Last Summer I curated a workshop at ArtCenter that centered on the diversity at school. This was an independent workshop I created through my club CHROMA, This workshop had a great impact on not only the students, but also the faculty providing an empathetic experience between the various groups within the school.

I am also in the process of designing and illustrating a series of children’s book for special education kids. My mother teaches special education children, and is constantly disappointed at the lack of books that the kids can relate to. I wanted to bridge that gap by creating a series of books that reach these children and teach them that they are valued as well.

The Safe Agua Project tackled the issue of water safety, The Uncool Project was about gun violence awareness, what other issues would you like see Designmatters’ classes address? What organizations do you think we should partner up with to provide a unique TDS experience?

I think creating a class centered on police brutality and power. Power plays an important role in the U.S system; how do we create a society that creates people who don’t abuse their power and how do we effectively fight against it? Also a class on diversity and race and how this affects what and how we design would be interesting. I’d also love to see a course about the power of the feminine, and how we as women can navigate the design world successfully and powerfully.

It would be interesting to have a course specifically focused on designing for women’s issues. Serious issues that women all over the world face such as assault, body issue disorders, illegal prostitution, wage gap, self esteem, and race and how that intersects with feminism would create meaningful dialogue and powerful design.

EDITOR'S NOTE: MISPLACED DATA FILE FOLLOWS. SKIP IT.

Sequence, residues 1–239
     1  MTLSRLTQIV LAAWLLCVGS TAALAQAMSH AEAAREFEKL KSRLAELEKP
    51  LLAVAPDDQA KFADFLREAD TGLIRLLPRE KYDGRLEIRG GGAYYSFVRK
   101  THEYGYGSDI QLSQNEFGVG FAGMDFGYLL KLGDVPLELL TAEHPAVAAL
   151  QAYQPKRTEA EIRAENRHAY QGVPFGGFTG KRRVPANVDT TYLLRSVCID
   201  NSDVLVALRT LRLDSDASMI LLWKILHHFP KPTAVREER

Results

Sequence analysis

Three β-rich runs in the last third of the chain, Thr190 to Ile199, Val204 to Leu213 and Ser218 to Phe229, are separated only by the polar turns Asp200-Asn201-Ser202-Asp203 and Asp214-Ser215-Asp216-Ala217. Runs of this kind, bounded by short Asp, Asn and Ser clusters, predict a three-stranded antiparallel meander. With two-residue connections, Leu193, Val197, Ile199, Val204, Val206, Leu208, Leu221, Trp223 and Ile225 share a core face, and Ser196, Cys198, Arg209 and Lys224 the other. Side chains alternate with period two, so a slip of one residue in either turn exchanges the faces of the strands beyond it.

There are organizations such as Black Lives Matter that tackle issues with police violence. There is the National Diversity Council that strives to increase diversity in institutions and the workplace. There is also the Women’s Center based in LA that addresses women’s issues. It would be interesting to bring in modern day feminists who are utilizing their platform for impact such as Chimamanda Ngozi Adichie, Zadie Smith etc.

If you wanted to inspire a new ArtCenter student to become involved with Designmatters, what are the top 3 reasons you would give him or her?

Designmatters provides you with rare opportunities such as conferences, travel, workshops and classes that expand your network and allow you to make a larger impact. It’s also nice to have a support system that helps you throughout your ArtCenter journey. If you are serious about social impact design and take enough Designmatters courses, you will have a social impact design minor attached to your degree that states that you have experience in this field making you more hirable.

How do you imagine Designmatters impacting your career post-ArtCenter?

The experience I’ve had through Designmatters at ArtCenter will be utilized in my future endeavors. The skills that I’ve learned from the courses that I’ve taken and the connections that I have made will still be very useful to continue to grow as a social impact designer. Even when I graduate, I still hope to continue to grow my relationship with Designmatters.

To learn more about Grace and her work, please visit —>